biotechnology industry is running into problems, probably due to the
perception held by many scientists that the technical ability of
biotechnology industry to produce safe genetically engineered (GE) crops
has developed faster than the understanding of the underlying scientific
principles of gene splicing. Consumers and scientists alike feel that
the possible consequences for health and environment of the spread of GE
crops are not properly understood and that without sufficient research
funding and having generally agreed methodologies for assessing the
unique risks of GE crops, we shall never be able to properly address
them. It should not be surprising that societal concerns about genetic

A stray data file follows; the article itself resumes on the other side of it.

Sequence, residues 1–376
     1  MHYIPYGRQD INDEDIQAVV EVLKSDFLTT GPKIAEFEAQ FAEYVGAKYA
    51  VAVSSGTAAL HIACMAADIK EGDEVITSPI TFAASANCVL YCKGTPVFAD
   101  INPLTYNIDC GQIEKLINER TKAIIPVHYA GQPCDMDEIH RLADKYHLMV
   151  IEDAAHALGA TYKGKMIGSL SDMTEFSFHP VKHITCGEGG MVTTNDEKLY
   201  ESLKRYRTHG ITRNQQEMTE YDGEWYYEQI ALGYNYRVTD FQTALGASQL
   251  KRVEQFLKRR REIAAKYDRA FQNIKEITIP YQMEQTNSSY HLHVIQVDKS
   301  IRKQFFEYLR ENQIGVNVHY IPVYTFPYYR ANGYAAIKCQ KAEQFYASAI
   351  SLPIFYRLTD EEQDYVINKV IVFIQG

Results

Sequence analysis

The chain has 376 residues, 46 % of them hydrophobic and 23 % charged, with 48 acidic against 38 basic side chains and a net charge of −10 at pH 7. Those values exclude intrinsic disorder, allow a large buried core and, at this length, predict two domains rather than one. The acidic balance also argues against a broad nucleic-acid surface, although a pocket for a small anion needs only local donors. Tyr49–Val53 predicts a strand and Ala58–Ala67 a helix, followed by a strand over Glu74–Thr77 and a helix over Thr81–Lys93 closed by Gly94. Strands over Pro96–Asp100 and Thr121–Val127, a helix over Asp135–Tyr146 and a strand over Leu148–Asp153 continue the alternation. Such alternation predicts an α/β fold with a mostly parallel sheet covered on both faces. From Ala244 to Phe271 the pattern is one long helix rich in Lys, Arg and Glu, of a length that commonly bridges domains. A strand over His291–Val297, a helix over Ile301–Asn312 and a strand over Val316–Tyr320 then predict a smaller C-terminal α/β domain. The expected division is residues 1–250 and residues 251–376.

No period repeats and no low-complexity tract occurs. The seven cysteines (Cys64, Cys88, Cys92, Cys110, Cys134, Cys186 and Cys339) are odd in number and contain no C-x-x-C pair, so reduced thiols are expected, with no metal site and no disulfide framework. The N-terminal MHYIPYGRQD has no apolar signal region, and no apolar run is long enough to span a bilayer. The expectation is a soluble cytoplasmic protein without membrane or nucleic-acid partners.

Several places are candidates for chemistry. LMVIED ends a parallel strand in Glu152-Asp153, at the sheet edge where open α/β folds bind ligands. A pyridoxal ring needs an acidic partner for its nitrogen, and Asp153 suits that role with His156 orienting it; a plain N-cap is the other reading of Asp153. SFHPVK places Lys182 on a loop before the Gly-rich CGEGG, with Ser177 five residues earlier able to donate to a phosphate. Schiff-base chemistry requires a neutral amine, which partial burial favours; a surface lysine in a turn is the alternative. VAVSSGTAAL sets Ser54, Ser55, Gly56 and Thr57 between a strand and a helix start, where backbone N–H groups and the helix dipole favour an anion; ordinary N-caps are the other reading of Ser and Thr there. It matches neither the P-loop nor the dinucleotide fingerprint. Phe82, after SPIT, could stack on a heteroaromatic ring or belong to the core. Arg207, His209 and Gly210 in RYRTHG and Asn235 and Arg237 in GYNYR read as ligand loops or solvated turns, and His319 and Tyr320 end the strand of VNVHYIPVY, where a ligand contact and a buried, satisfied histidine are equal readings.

engineering of something as basic as our food and how they are produced
are high and no matter of patronizing platitudes by the scientific,
political and industrial establishments will make these concerns to go away.

Bizzare approach

The approach of the biotechnology industry to the safety of its products
or the understanding how society perceives risk is bizarre. The harsh
treatment of sceptics and dissident scientists does not demonstrate the
establishment's great willingness to listen to views not in tune with
their pre-set ideas. Openness is not much helped either that due to the
high cost of biological testing, biotechnology companies only do minimal
and superficial environmental and health risk assessments. Cost will
also be a major factor in their reluctance to finance research to
develop scientifically sound methodologies but rather they prefer to
declare the present agricultural practices to grow GE crops as safe and
that foods prepared from them present no risks for the consumer. The
fact that in the decade since the introduction of GE crops only one